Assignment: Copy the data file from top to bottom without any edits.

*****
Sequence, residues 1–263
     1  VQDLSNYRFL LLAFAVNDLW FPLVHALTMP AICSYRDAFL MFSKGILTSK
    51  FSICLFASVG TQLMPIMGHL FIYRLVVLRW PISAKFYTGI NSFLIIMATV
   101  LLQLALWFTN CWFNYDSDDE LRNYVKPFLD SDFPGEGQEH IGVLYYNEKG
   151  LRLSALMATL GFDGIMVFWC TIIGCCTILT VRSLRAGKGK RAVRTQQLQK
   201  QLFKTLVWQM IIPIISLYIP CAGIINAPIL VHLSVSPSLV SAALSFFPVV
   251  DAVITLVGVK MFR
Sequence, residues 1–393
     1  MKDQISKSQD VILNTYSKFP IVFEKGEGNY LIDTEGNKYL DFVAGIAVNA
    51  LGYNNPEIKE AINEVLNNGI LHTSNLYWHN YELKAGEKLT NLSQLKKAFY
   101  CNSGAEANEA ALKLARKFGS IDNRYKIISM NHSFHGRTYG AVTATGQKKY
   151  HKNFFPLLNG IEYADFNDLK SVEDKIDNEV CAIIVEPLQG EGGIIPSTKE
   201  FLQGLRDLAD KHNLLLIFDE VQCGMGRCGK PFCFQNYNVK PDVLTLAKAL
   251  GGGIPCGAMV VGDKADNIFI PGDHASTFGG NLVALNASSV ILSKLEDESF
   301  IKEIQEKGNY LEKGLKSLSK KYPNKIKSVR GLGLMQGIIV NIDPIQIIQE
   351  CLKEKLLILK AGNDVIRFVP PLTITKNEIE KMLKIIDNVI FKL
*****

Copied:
Sequence, residues 1–263
     1  VQDLSNYRFL LLAFAVNDLW FPLVHALTMP AICSYRDAFL MFSKGILTSK
    51  FSICLFASVG TQLMPIMGHL FIYRLVVLRW PISAKFYTGI NSFLIIMATV
   101  LLQLALWFTN CWFNYDSDDE LRNYVKPFLD SDFPGEGQEH IGVLYYNEKG
   151  LRLSALMATL GFDGIMVFWC TIIGCCTILT VRSLRAGKGK RAVRTQQLQK
   201  QLFKTLVWQM IIPIISLYIP CAGIINAPIL VHLSVSPSLV SAALSFFPVV
   251  DAVITLVGVK MFR
Sequence, residues 1–393
     1  MKDQISKSQD VILNTYSKFP IVFEKGEGNY LIDTEGNKYL DFVAGIAVNA
    51  LGYNNPEIKE AINEVLNNGI LHTSNLYWHN YELKAGEKLT NLSQLKKAFY
   101  CNSGAEANEA ALKLARKFGS IDNRYKIISM NHSFHGRTYG AVTATGQKKY
   151  HKNFFPLLNG IEYADFNDLK SVEDKIDNEV CAIIVEPLQG EGGIIPSTKE
   201  FLQGLRDLAD KHNLLLIFDE VQCGMGRCGK PFCFQNYNVK PDVLTLAKAL
   251  GGGIPCGAMV VGDKADNIFI PGDHASTFGG NLVALNASSV ILSKLEDESF
   301  IKEIQEKGNY LEKGLKSLSK KYPNKIKSVR GLGLMQGIIV NIDPIQIIQE
   351  CLKEKLLILK AGNDVIRFVP PLTITKNEIE KMLKIIDNVI FKL